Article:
Sena Sammatha Wickramabahu (1473-1511) was the first king of the Kingdom of Kandy, he was a royal from the Kotte Royal Blood line and ruled Kandy as a semi-independent kingdom under the Kingdom of Kotte, making it the new capital of the Kandyan Kingdom. Sena Sammatha Wickramabahu was followed by his son Jayaweera Astana (1511-1551) and then by Karaliyadde Bandara (1551-1581) who was succeeded by his daughter Dona Catherina of Kandy (1581-1581). Dona Catherina was succeeded by Rajasinha I. Rajasinha I however, preferred to rule the hill country from the Kingdom of Sitawaka on the west of the island. A period of turmoil for power ended with the ascent to the throne by Konappu Bandara who came to be known as Vimaladharmasuriya I. Having embraced Buddhism, he consolidated his authority further by bringing the tooth relic of the Lord Buddha to Kandy from a place called Delgamuwa.
In 1592 Kandy became the capital city of the last remaining independent kingdom in the island after the coastal regions had been conquered by the Portuguese. Several invasions by the Portuguese were repelled, most notably in the campaign of Danture. After the Sinhalese-Portuguese War and the establishment of Dutch Ceylon, attempts by the Dutch to conquer the kingdom were repelled.
The kingdom tolerated a Dutch presence on the coast of Sri Lanka, although attacks were occasionally launched. The most ambitious offensive was undertaken in 1761, when King Kirti Sri Rajasinha attacked and overran most of the coast, leaving only the heavily fortified Negombo intact. When a Dutch retaliatory force returned to the island in 1763, Kirti Sri Rajasinha abandoned the coastline and withdrew into the interior. When the Dutch continued to the jungles the next year, they were constantly harassed by disease, heat, lack of provisions, and Kandyan sharpshooters, who hid in the jungle and inflicted heavy losses on the Dutch.
The Dutch launched a better adapted force in January 1765, replacing their troops' bayonets with machetes and using more practical uniforms and tactics suited to jungle warfare. The Dutch were initially successful in capturing the capital, which was deserted, and the Kandyans withdrew to the jungles once more, refusing to engage in open battle. However, the Dutch were again worn down by constant attrition. A peace treaty was signed in 1766. The Dutch remained in control of the coastal areas until 1796, when Great Britain took them over (while the Netherlands under French control) due to the Kew letters during the Napoleonic wars. British possession of these areas was formalized with the treaty of Amiens in 1802. The next year the British also invaded Kandy in what became known as the First Kandyan War, but were repulsed.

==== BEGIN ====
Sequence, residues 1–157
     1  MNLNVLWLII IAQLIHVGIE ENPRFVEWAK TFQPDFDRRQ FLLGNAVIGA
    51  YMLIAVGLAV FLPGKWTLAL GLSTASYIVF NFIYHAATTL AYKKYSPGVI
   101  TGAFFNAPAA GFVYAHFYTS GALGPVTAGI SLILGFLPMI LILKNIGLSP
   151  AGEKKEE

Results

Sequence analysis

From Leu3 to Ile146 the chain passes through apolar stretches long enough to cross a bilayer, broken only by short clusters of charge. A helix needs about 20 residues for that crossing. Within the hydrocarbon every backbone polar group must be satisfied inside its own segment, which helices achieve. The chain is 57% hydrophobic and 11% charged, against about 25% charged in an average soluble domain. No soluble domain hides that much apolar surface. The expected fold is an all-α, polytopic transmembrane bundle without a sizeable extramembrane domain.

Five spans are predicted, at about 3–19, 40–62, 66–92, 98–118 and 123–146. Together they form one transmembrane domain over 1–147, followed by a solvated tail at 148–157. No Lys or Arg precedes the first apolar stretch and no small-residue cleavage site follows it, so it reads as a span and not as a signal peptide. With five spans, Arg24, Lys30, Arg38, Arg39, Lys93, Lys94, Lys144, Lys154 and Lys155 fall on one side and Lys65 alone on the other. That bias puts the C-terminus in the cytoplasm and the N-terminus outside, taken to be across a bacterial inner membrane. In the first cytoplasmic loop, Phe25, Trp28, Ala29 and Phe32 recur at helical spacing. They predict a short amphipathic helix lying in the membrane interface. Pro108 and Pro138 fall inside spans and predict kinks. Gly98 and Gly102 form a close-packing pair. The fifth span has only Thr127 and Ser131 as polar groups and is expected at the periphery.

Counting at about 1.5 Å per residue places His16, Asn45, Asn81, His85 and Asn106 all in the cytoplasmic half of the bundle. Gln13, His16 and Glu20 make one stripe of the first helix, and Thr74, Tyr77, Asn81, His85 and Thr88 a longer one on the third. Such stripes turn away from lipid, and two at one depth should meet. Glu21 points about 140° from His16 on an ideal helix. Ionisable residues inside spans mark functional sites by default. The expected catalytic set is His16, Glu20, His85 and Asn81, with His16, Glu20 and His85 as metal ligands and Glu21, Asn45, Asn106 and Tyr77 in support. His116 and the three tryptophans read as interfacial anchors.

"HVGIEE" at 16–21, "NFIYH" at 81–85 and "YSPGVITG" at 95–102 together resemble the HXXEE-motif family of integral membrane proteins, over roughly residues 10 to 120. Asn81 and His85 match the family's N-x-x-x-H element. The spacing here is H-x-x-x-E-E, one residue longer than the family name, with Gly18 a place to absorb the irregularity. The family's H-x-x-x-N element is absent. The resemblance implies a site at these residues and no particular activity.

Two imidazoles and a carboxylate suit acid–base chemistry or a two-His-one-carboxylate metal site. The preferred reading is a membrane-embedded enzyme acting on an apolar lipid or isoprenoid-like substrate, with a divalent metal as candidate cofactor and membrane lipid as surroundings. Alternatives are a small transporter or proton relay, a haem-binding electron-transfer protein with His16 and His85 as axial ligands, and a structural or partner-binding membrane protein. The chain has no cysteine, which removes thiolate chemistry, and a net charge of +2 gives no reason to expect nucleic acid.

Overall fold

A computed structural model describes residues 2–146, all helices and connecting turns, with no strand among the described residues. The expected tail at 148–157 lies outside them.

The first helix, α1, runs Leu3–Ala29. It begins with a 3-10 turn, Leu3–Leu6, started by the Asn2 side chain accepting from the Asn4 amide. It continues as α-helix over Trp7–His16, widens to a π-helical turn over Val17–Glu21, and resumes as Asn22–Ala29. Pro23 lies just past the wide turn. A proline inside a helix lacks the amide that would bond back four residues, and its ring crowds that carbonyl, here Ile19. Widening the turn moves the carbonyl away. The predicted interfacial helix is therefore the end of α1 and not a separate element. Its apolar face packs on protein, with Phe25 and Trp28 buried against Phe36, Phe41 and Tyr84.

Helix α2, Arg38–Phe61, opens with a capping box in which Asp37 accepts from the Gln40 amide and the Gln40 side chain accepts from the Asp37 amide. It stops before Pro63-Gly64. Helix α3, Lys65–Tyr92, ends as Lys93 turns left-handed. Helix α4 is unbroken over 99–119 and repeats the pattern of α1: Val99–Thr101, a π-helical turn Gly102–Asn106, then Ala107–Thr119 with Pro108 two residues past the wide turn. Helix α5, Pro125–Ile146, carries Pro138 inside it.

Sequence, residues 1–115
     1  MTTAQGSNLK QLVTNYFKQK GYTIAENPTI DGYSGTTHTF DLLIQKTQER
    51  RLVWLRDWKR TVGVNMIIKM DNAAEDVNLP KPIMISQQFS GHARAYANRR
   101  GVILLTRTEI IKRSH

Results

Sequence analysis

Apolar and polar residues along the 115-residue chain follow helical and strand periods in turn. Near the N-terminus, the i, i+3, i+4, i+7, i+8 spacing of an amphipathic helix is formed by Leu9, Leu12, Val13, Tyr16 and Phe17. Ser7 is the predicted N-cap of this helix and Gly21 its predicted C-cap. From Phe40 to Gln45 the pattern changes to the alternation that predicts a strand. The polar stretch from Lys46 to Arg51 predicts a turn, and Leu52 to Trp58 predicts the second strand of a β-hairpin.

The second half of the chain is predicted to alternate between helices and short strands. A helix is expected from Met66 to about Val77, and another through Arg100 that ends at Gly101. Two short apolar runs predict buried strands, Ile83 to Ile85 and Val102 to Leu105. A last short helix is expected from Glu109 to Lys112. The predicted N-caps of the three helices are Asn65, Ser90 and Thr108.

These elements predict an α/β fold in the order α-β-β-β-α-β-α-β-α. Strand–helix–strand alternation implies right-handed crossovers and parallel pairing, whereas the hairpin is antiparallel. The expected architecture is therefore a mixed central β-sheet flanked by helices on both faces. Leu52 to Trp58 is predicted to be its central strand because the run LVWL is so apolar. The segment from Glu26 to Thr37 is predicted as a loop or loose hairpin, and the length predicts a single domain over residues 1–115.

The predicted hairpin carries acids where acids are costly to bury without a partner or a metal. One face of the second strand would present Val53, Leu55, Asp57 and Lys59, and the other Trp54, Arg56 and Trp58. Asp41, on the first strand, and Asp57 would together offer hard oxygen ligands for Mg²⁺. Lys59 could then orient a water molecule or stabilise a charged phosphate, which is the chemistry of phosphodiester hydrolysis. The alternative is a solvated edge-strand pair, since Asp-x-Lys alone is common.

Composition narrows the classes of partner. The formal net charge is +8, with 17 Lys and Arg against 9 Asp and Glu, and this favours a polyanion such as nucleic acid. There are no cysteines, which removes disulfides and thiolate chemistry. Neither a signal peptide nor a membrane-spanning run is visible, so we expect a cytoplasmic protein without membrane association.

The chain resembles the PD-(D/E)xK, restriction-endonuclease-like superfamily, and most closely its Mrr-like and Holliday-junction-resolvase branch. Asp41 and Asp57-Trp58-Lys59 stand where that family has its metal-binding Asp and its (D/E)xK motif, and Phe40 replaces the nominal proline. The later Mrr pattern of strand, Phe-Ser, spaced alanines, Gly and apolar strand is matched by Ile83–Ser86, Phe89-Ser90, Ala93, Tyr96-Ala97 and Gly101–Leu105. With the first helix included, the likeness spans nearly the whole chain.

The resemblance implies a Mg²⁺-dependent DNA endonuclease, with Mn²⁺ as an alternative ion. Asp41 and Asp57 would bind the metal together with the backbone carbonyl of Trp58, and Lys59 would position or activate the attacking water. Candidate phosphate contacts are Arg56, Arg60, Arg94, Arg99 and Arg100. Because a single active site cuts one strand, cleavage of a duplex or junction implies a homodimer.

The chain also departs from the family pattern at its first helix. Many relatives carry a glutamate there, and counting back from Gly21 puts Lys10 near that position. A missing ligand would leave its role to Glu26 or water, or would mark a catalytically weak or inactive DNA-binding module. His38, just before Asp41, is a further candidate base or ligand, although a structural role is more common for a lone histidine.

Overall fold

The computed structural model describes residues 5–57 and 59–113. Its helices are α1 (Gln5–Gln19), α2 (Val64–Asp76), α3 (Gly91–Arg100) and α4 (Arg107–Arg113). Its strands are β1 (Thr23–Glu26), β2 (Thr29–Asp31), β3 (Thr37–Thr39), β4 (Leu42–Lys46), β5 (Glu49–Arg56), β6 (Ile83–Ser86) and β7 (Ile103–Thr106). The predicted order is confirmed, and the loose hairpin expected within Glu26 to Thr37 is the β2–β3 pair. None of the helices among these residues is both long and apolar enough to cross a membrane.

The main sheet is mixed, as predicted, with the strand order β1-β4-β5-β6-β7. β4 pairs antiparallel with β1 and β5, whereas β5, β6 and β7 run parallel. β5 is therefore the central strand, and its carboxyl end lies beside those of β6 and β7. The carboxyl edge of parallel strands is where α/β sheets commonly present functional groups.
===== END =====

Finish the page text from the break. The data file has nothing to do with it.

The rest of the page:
As the capital, Kandy had become home to the relic of the tooth of the Buddha which symbolizes a 4th-century tradition that used to be linked to the Sinhalese monarchy, since the protector of the relic was the ruler of the land. Thus the Royal Palace and the Temple of the Tooth were placed in close proximity to each other.
The last ruling dynasty of Kandy were the Nayaks. Kandy stayed independent until the early 19th century. In the Second Kandyan War, the British launched an invasion that met no resistance and reached the city on February 10, 1815. On March 2, 1815, a treaty known as the Kandyan Convention was signed between the British and the Radalas (Kandyan aristocrats). With this treaty, Kandy recognized George III as its King and became a British protectorate. The last king of the kingdom Sri Vikrama Rajasinha was captured and taken as a royal prisoner by the British to Vellore Fort in southern India along with all claimants to the throne. Some of the family members were also exiled to Tanjore (now known as Thanjavur, in Tamil Nadu). Their erstwhile living place is still referred to as "Kandy Raja Aranmanai" on the eastern part of Thanjavur town on Old Mariamman Koil Road...Read More → The City of Kandy
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Category : Tourist Attraction Places
08th December, 2017 | 12:59